Latest updates and/or corrections: 3-25-2013

I've only worked on one B128 power supply so I don't have much 
experience with it. It is a switch mode type and, as old as these 
are, I expected to find some electrolytic caps dried up and failing. 
Not so. They all checked OK. This PS was intermittent... it would 
come on and go off at random, sometimes "flickering" between states 
with an audible buzz or clicks. The computer didn't work at all.
     I suspected the main switcher transistor, a Motorola TO-220 NPN 
type with nothing but a "house" number on the case: 3821-2. That 
number didn't cross to anything in my data books or online sources. 
It helped that the PS was at least partially working so I could 
measure the waveform on the collector. It would peak at over 900 
volts so I knew that standard switcher replacement devices wouldn't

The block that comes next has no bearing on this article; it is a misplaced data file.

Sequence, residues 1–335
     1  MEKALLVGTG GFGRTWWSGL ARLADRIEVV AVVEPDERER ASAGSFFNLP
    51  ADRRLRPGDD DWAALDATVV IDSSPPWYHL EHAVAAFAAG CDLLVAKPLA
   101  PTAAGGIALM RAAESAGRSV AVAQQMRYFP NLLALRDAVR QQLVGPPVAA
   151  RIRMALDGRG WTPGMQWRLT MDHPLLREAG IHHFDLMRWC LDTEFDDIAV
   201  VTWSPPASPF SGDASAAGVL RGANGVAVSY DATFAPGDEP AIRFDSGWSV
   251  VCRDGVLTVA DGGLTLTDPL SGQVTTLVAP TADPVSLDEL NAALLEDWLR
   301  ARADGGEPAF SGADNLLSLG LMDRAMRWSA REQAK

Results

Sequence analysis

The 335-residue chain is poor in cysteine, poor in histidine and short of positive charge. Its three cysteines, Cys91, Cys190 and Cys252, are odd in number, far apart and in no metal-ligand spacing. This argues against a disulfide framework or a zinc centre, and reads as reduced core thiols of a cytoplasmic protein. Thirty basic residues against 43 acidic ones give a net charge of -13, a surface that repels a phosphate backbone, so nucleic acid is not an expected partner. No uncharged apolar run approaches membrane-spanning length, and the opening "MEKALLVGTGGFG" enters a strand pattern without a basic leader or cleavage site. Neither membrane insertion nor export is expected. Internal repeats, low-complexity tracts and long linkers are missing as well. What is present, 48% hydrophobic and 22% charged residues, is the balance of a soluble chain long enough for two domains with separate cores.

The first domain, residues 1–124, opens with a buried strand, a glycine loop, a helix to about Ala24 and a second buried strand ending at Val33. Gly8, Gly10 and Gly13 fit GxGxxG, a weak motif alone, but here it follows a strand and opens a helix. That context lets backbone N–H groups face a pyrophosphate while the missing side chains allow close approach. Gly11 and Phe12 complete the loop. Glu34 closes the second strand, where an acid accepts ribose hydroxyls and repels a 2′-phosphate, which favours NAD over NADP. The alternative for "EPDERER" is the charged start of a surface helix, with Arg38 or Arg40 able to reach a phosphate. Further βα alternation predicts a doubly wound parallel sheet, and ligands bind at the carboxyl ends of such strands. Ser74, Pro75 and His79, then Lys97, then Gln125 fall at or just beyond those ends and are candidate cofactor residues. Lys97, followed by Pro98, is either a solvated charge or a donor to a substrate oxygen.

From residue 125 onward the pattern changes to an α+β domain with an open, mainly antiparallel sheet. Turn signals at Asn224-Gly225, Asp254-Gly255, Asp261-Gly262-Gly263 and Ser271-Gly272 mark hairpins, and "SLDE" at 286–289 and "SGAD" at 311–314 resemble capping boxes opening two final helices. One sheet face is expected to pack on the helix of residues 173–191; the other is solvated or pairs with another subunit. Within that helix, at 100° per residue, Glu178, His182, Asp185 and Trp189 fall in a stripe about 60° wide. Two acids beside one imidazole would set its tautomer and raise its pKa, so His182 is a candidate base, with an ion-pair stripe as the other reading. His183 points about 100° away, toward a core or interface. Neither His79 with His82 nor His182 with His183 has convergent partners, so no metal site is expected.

hold up. I found a generic replacement in a different case style 
(larger) that was normally used as a horizontal deflection output 
transistor or "HOT" in a tube type color TV set. Its generic number 
is BU508A. It's an equivalent to the Sylvania ECG 2300 (or Philips 
TCG 2300). 
     Because it is physically larger, the transistor would not mount
on the old heat sink. I drilled a hole just above the original one 
and mounted the new transistor with a mica washer (to isolate the 
transistor collector/case from the sink) and added heat sink grease. 
The transistors leads didn't easily fit the holes, so I cut them off 
near the body of the transistor and wired connections from the stubs 
to the board. The new transistor has a higher voltage and current 
rating and so should work well in this application. 

Ray Carlsen